Doyle says OpenVista is better suited for healthcare organizations with 100 beds or more. “It works well with those willing to work within the framework,” he says. “Smaller hospitals don’t have the IT resources to provide additional functionality to the product itself.” He says Medsphere is currently developing a software-as-a-service model of the project that will be more appropriate for smaller hospitals and clinics.
Along the same lines, Bill Bysinger, BBA, MBA, founder and chief executive of healthcare technology company eMRnet, points out that the open source advantage is typically out of the scope of most physician practices. “The real issue with open source is that in order to take advantage of it, you need to have software engineers to modify the solution for your organization to benefit,” he says, pointing out that the traditional premise of open source is that an organization buys, modifies, and maintains it on their own. “The majority of physicians have zero IT staff. Most can’t even run a server, much less program,” he notes.
Suggesting that he would be surprised if any practice with less than 50 physicians would even give open source a second look, Bysinger says that, for doctors, the make or break for electronic medical record (EMR) software is typically the availability of support. That’s why many looked elsewhere when VistA offered physicians a “free” EMR, he adds.
From a marketing perspective, the ability to provide support becomes “imperative,” he notes. “It’s often the reason that EMRs either succeed or fail. They want you available seven by 24.”
Recently, a nonprofit organization called WorldVistA was established to improve the VistA EHR and health information system for use outside its original setting. The product, WorldVistA EHR VOE/1.0, was released earlier this year and is currently the only open source product that has received approval from the CCHIT.
Industry professionals hope that the effort, collaboratively funded by the Centers for Medicare & Medicaid Services, will be the low-cost answer for a nationwide EMR platform.
The Midland Experience
Acknowledging that having access to the OpenVista source code was not the primary driver for choosing the product, Whiles says it certainly provided a plus when making a final decision. “We did a lot of shopping around … and came to the conclusion that, by and large, it measures up to most other commercial applications on the market,” he says.
And the organization paid about one third of the cost had it gone with a traditional proprietary software vendor. “From our perspective, what we are running as our EMR is basically 99.9% pure VistA. It’s still what you get from the VA,” Whiles says, adding that Midland contracts with Medsphere on a consulting basis to provide the support necessary to maintain the solution.
Whiles suggests that the product rollout was not much different from what he would have expected from a traditional vendor. “I don’t think the process would be that different,” he says, adding that the strategy would still be to employ a multidisciplinary team approach. “It’s an organizational project. … It’s not an IT project per se.” With Medsphere on board as a project consultant, all of the technicalities were ironed out on the IT level so that the user experience was as simple as possible.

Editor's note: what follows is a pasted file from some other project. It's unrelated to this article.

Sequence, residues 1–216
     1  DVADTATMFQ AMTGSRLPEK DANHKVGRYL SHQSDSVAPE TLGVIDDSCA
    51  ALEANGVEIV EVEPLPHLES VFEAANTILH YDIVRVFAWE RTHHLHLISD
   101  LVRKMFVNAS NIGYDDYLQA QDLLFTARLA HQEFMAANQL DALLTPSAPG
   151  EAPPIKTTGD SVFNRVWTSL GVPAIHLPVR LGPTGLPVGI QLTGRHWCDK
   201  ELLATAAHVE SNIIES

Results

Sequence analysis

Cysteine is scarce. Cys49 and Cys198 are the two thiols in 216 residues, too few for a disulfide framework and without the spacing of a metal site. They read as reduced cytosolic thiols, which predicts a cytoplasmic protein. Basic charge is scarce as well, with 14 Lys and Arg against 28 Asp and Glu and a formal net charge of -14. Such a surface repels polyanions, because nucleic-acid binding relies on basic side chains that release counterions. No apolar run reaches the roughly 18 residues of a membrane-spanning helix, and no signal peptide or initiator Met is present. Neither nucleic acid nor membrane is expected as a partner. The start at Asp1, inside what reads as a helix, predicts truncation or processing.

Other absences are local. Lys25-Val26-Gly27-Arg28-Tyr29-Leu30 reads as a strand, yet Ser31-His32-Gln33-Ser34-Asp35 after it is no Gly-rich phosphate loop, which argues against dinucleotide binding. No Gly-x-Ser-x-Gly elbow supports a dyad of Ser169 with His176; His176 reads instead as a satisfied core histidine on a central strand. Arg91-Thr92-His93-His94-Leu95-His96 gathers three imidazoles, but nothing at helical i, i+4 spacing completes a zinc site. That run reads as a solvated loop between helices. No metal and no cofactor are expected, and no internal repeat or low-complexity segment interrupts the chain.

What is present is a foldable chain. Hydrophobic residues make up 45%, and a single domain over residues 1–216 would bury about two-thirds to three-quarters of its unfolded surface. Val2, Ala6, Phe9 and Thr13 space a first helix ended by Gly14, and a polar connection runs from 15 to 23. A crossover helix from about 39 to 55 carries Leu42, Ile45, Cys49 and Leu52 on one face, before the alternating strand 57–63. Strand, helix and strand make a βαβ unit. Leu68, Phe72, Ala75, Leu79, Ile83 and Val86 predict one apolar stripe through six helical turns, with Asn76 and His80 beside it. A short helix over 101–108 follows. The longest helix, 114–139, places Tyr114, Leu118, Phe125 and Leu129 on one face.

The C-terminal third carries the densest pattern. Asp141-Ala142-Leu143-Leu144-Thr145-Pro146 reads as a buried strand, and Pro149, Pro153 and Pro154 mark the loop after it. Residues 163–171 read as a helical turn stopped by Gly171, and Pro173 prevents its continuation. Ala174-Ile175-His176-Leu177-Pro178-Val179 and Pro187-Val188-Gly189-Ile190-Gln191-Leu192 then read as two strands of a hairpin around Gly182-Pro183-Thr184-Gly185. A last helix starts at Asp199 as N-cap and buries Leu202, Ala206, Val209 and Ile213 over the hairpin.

Acknowledging that VistA is an industry-respected EMR, Doyle notes that “we mitigated the risk for a lot of hospitals due to the fact that we have a proven product.”
Essentially, Medsphere has taken the VistA solution and added next-generation graphical user interfaces, as well as improved the back-end server environment. Alongside those enhancements, the organization offers user training at Medsphere University and specialized certification programs, as well as various support service options.
Since deploying the OpenVista solution, Midland Memorial has achieved the coveted “Stage 6 Hospital” designation by HIMSS, which means the organization has implemented HIT to support higher levels of automated patient care delivery.
HIMSS Analytics developed an EMR adoption model that evaluates the progress and impact of EMR systems in acute care delivery environments. At the time of Midland Memorial’s award, only nine hospitals had achieved the designation.
Is It Really Free?
Free simply means that the overall costs of acquiring and implementing a comprehensive system can be significantly reduced because the software and source code are provided at no charge, notes Trotter, adding that free also means the purchaser is given control similar to that of an owner’s copyright. “Writers and users of the software are on equal footing,” he says.
In the Medsphere business model, Doyle says healthcare organizations pay nothing up front. “We give our partners the source code, but there is no such thing as a free lunch,” he says, pointing out that the organization stays in business via client services fees for solution integration or deployment to a healthcare environment, as well as subscription fees for maintenance. “Others charge millions and millions up front,” he says.
Citing a 300-bed hospital as an example, Doyle says that over a five-year period, it may cost the organization between $3.25 million and $4 million for the Medsphere solution. In contrast, he suggests that a traditional vendor would charge between $18 million and $30 million.
“It allows smaller organizations to play at the same level as larger players,” he says.
— Selena Chavis is a Florida-based freelance journalist whose writing appears regularly in various trade and consumer publications covering everything from corporate and managerial topics to healthcare and travel.